Toughest games are behind the Tribe
Like everybody knew they would, the Indians have cleaned up against the weak competition within the AL Central. The Tribe boasts a combined 25-7 record against the Tigers, Royals and White Sox, with only the pesky Twins (3-6 record against) having given them any fits.
Against the rest of the league, the Indians are 24-30. They’ve struggled mightily with the playoff contenders in the AL West, having gone 7-13 against the Astros, Mariners and Athletics. It also wasn’t until just before the All-Star break that they exorcised what felt like a decade’s worth of demons against the Yankees, swiping their only two victories out of seven games in the season series.
Cleveland has performed relatively well against the NL Central, posting a 6-2 combined record against the likely October-bound Brewers and Cubs. Confusingly enough, they are 2-4 against the Reds and Cardinals, both of whom are probably on the outside looking in at the playoff picture.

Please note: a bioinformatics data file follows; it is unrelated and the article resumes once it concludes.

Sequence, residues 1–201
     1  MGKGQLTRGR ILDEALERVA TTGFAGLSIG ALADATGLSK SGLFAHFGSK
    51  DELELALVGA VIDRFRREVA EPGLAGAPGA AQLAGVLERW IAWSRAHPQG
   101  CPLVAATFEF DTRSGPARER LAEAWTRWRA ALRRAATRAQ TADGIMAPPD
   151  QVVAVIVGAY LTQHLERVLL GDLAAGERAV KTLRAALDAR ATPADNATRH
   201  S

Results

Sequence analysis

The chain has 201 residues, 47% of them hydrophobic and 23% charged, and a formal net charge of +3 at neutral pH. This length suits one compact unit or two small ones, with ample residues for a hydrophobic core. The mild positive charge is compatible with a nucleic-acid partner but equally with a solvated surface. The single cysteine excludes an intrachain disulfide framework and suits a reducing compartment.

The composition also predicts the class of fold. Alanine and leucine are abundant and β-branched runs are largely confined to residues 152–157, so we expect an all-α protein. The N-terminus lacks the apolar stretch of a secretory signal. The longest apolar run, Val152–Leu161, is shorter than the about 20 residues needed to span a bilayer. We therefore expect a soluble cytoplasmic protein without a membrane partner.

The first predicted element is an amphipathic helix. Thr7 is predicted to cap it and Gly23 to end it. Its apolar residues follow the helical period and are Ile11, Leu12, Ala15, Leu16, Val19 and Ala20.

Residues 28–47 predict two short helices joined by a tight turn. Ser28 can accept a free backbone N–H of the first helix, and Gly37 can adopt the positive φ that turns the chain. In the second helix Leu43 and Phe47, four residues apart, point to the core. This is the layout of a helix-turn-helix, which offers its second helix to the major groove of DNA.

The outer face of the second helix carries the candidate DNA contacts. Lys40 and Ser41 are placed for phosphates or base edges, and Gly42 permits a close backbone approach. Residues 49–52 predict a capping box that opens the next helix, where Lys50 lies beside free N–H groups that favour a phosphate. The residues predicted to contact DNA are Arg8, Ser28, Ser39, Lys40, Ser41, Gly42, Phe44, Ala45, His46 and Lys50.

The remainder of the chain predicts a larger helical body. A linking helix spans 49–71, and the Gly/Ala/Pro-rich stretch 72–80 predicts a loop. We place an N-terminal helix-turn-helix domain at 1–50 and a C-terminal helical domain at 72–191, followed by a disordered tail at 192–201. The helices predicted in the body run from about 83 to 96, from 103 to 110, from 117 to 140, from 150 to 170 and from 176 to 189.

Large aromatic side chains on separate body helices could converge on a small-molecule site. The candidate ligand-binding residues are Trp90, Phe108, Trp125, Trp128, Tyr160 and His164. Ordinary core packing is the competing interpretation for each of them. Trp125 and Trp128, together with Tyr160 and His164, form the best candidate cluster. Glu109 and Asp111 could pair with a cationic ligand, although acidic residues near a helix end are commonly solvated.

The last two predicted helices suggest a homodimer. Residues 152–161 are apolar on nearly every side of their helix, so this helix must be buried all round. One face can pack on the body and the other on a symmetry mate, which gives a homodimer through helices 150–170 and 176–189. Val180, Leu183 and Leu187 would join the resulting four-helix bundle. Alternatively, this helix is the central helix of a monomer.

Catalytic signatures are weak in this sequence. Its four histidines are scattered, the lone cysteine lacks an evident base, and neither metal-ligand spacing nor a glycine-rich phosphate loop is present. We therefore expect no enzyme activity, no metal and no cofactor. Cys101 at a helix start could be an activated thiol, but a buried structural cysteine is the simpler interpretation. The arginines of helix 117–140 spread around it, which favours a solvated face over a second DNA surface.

With the exception of Cincinnati, the Indians won’t face any of these out-of-division opponents again in the regular season. The first 95 games of Cleveland’s season were tougher by a long shot than the final 67. In fact, of the Tribe’s remaining opponents, only the Red Sox are more than two games above .500 (Angels 49-48, Rays 49-47).
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Barring a mighty surge out of the Twins, the Indians should be able to cruise comfortably into the playoffs without facing an absolute must-win situation until they get there.
On that note, I’m curious to see how the baseball community will interpret the success the Indians stand to have in this shortened second half. A win total in the high 90s is not out of the realm of possibility after a relatively slow start if the Indians continue to exploit the meager opposition in front of them.
But will they be taken seriously? Or will critics continue to point to the weak division the Indians had no hand in creating?
I ask this question as much for my own sanity as I do for any other reason, because with the home stretch fast approaching, Tribe nation must universally accept one very simple truth: The critics don’t get to decide who makes the playoffs.
The Indians will undoubtedly be the recipients of many a back-handed compliment between now and October. And not a single word of praise nor a single iota of disapproval from the masses will matter in the long run. Besides, if the Indians head into the postseason without the respect of the national media, well…we’ve all seen before what an underdog with an ax to grind is capable of.